You’ve been doing it for eight years. I got into that maybe like five and a half, six years ago myself, if that. I feel like it’s heard about so much. So, you were kind of one of, in my opinion, like an early adopter to this because now it’s like every other person recommends it and there’s entire YouTube channels dedicated to it. But, you know, when I was doing this, it was kind of weird. Again, you have two, three years on me.

A lot of people around me were like, what? You’re just not going to eat? It’s like, well, no, I only don’t eat for this amount of time. They’re like, so you can eat the same amount of food. Well, in my world, in the way that I was doing it, yeah, I can do that. Like, okay, cool. Ev’s just doing another one of his experiments.

So, knowing that your perspective has evolved over these last 10 years, like you said, or eight years, where is this at now? Like I’m assuming you’re not someone who just blanket recommends the same intermittent fasting schedule to everyone. So, where do some nuances come in with the intermittent fasting thing?


[00:15:35] Brian Gryn: Yes, correct. I think when I first started, I was a little more stringent. I’m starting to realize that, like you mentioned, fasting’s a stressor obviously. So, I think for certain individuals it’s not something maybe they should jump into right away. They should maybe focus on certain other areas of their health that maybe need more attention. So yeah, it’s not sort of this blanket, okay, everyone should just fast.

Utilize Intermittent Fasting According to Individual’s Needs

I mean, I think that the big thing that fasting does is it gives you boundaries around your day. For some people they really need that.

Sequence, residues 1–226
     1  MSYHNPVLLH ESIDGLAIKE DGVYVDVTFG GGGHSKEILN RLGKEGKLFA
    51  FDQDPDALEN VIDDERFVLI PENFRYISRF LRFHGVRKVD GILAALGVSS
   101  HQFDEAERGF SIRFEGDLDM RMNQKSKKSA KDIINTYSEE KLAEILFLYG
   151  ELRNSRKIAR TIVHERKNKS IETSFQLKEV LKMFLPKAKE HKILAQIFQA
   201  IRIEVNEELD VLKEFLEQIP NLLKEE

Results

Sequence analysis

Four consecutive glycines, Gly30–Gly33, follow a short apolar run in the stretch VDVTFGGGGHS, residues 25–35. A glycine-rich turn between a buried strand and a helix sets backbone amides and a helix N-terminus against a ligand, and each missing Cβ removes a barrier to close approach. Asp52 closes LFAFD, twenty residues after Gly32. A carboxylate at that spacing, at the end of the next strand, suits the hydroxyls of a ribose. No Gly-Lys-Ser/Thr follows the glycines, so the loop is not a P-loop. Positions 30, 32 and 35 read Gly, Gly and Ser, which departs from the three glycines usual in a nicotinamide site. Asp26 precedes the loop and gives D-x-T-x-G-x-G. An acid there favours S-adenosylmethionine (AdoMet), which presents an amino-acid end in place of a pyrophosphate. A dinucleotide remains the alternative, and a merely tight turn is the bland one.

That could be as simple as just picking a time to stop eating. Like, okay, I’m going to cut off eating at seven o’clock and that’s it. You know, that gives you sort of this cascade of results in the sense that like, okay, I’m not eating too close to bed, which is good, right? That’ll help with digestion and that’ll probably help with quality of sleep.


So, I try to look for those big levers to pull that will create these cascading of positive effects on the individual, and that’s one of them. Yeah, it’s definitely not a blanket, there are certain times for everybody because, like you know, everyone’s a little bit different and everyone’s got a different story. That’s sort of how I’ve probably evolved over the years when it comes to fasting.

[00:16:39] Detective Ev: Okay. And maybe this doesn’t matter as much because now you are targeting mostly those 45-year-old plus men. If nothing else, maybe it’s just anecdotal right now, but I have seen universally that men will do better and can survive on a tighter window with fasting than women. I think probably evolutionary speaking, there’s many reasons for that. I believe that can make sense.